"Intellectual notes" focus only on intellectual concerns, which concern the truth and falsity of what the claims made and the arguments for and against various claims. This was explained on the notes handed out in class. Recall these words at the top:
These notes are guided by these intellectual concerns:
· Understanding what the author means when he says something that is not clear.
· Asking whether specific claims the author makes are true or false and why.
· Asking what arguments (i.e., reasons) are or could be given in favor of a claim (or conclusion) and whether these arguments are sound or not.
Here are responses that will be avoided entirely because they are irrelevant to intellectual concerns:
· Speculations on the author’s emotions: irrelevant to the quality of the arguments, truth or falsity of claims made, etc.
· Speculations on the author’s motives: irrelevant to the quality of the arguments, truth or falsity of claims made, etc.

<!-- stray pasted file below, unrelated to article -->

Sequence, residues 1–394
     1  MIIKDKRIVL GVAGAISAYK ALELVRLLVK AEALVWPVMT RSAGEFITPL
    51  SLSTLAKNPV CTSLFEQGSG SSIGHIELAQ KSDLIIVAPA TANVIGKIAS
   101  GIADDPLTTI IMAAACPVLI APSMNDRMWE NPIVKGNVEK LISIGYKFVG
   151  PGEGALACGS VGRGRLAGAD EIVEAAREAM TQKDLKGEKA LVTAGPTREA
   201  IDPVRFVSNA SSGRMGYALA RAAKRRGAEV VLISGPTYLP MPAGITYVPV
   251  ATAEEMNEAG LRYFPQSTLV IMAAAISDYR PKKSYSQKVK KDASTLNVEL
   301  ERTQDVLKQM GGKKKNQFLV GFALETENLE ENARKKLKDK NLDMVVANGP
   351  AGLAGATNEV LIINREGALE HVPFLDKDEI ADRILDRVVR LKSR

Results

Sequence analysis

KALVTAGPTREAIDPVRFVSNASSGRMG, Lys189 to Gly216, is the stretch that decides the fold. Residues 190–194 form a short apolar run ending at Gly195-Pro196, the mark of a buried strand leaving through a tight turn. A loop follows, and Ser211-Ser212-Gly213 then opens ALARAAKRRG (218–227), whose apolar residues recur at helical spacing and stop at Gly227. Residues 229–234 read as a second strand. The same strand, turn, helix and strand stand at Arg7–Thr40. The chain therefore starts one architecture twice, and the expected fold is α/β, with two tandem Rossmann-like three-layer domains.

· Reports on whether we like or dislike what the author says, and how we “feel” about the writing, unless this relates to the intellectual quality of the arguments.
“PRINCIPLE OF CHARITY = TRY TO READ AND INTERPRET IN A WAY THAT MAKES THE AUTHOR MAKE THE MOST SENSE. DON’T QUICKLY DISMISS PEOPLE’S CLAIMS IF THEY CAN BE “FIXED” A LITTLE BIT TO MAKE MORE SENSE.
“Begging the question”
· assuming a (controversial) claim without given reasons for it: assuming the claim that is being debated;
· responding to someone’s reasoning, i.e., given premises, in favor of some conclusion, “But that conclusion is not true,” but failing to give any reasons why anyone should think that or trying to show how the person’s reasons were not good reasons.
This is a way to fail in engaging a discussion by failing to give reasons and responding to reasons.